Updated: Nov 13
October the 21st is the anniversary of one of the most significant battles in European history. It is easy to understand how the events at Trafalgar have been overshadowed by Waterloo and then the military events of the 20th century and as such, the celebrations of October 21st have gradually evaporated from the public consciousness. Yet, the sacrifices of the men who fought that day are still honoured by the Royal Navy and other institutions, the day when Vice Admiral Lord Nelson announced the famous line "England expects every man to do his duty!"
The Battle of Trafalgar was fought on October 21st 1805. The French fleet was commanded by Napoleon to take control of the English channel in order to allow for the land invasion to begin. The British Navy had effectively blockaded the French forces and a confrontation was inevitable. The French and Spanish combined fleet set sail from Cadiz in Southern Spain and the two fleets lined up for battle off Cape Trafalgar.
It was widely understood by the seamen of both sides fo the conflict that a British victory was almost certainly inevitable. this was not a view that Napoleon shared. In the end, the tactics Nelson employed and the scale of his victory were to have far reaching consequences.
Before Trafalgar, sail battles were carried out by two fleets lining up alongside each other and pounding with cannons until submission. Effectively, numbers of available cannons and crew became the deciding factor. The British Navy developed the edge over the French in terms of speed reloading cannons but the French had the edge in the arms race of building larger ships with more broadside cannons.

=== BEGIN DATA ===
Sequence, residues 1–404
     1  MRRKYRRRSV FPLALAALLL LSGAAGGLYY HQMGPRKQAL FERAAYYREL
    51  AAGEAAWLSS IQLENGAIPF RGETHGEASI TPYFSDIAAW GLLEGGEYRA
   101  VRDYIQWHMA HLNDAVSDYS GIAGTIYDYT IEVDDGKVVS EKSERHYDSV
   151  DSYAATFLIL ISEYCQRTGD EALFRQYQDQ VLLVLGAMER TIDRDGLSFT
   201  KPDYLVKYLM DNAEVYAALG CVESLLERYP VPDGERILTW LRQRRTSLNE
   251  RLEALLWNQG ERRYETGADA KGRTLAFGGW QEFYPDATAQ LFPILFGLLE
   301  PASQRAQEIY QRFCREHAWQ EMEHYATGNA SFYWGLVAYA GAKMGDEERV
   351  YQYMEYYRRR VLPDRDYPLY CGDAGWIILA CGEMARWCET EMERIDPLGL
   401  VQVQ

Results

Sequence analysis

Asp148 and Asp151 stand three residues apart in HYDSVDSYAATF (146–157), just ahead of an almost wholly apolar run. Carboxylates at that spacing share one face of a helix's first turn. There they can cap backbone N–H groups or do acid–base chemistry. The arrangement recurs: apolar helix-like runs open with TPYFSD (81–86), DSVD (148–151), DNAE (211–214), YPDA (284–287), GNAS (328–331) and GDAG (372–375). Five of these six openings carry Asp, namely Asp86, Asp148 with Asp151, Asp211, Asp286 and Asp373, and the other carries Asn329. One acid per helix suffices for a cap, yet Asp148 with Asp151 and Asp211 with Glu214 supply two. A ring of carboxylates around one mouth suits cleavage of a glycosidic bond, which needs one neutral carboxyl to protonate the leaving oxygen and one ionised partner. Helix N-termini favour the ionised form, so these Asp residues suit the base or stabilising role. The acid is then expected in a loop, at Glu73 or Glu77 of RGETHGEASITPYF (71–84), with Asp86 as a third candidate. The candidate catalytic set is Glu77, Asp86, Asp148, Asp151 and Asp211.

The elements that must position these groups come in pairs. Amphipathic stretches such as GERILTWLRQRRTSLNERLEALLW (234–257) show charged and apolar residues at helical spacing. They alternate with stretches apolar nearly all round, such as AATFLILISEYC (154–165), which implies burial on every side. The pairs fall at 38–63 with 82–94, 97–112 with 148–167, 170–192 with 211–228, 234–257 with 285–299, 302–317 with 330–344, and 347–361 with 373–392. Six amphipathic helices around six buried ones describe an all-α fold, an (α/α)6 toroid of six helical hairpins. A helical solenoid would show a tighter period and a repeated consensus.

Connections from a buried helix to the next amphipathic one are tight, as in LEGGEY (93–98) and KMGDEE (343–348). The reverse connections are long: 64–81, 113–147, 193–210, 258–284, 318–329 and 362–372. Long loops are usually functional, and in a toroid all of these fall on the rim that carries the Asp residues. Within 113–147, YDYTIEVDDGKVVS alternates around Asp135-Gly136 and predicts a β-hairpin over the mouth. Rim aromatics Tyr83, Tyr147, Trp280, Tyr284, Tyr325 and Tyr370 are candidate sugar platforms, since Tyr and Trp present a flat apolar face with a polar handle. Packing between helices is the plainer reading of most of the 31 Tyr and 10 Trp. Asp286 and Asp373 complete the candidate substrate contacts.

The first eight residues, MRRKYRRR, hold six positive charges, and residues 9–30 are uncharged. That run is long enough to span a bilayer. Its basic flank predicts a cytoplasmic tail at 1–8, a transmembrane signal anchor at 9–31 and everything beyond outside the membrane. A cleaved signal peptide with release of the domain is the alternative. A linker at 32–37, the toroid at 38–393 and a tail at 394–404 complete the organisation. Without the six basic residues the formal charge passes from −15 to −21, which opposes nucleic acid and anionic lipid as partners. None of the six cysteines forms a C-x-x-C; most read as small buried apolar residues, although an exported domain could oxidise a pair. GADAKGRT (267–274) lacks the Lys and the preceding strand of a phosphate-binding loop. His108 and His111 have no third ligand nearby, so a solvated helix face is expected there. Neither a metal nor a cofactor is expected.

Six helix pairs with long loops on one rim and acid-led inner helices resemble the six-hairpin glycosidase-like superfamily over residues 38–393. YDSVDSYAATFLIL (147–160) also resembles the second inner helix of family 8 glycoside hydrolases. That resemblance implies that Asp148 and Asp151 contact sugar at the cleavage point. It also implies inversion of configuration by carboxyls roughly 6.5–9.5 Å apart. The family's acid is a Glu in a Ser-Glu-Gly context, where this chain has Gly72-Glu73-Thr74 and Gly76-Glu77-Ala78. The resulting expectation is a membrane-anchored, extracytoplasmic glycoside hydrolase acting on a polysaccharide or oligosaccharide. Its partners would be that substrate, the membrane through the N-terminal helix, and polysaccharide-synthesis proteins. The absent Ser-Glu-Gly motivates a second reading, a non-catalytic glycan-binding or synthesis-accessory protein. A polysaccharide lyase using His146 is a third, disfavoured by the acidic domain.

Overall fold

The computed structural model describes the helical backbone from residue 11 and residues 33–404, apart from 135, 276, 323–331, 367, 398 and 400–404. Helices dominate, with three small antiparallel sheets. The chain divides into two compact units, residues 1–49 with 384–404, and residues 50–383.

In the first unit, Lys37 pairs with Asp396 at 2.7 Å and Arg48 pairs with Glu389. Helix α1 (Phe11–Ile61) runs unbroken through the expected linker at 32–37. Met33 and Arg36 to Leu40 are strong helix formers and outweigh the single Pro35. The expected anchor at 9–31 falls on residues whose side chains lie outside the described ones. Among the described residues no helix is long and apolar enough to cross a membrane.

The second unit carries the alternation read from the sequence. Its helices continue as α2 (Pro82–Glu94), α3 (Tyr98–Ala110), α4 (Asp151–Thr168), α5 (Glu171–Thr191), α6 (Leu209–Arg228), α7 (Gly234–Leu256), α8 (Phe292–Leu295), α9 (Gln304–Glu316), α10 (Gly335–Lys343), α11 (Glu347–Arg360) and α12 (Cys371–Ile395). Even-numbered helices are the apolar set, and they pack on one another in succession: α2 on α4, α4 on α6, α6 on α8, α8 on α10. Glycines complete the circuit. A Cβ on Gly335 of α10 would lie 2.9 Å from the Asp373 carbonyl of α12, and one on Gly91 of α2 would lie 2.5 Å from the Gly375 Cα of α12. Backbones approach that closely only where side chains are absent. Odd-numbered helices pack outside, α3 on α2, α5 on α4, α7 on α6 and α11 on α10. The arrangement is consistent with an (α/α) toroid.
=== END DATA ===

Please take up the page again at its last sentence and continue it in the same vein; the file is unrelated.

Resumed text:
You may note in the image above that there are some ships that share the same name. It was considered bad luck to change the name of a ship so when ships were captured and put to use the name remained unchanged. When a ship was lost to the enemy the name was allocated to a new ship of the fleet as it was pressed into service. You can probably spot that there were two ships named "Swiftsure", "Achille" and "Neptune" on the day of the Battle.
Nelson decided to change the nature fo confrontation completely and instead of lining up to trade blows with the combined French and Spanish fleet, he split his ships into two lines and directed them to sail head first toward the enemy and split the enemy line. The tactic meant the majority of the French guns would not be able to train their sights on the enemy but also meant the lead ships of the British lines would be dealt horrendous treatment.
The two lines led by Nelson's flagship "Victory" and "Royal Sovereign" withstood the barrage and pierced the line as planned. The 33 ships of the Franco Spanish line lost their advantage over the 27 Ships of the British fleet and the battle became a series of close hand bitter battles between individual ships entangled together. The fog of war was as such that many accounts on both sides talk of ships crews being utterly unaware of the events unfolding beyond their own individual struggles. Many French ships struck colours unaware that support was close at hand, lost in the smoke.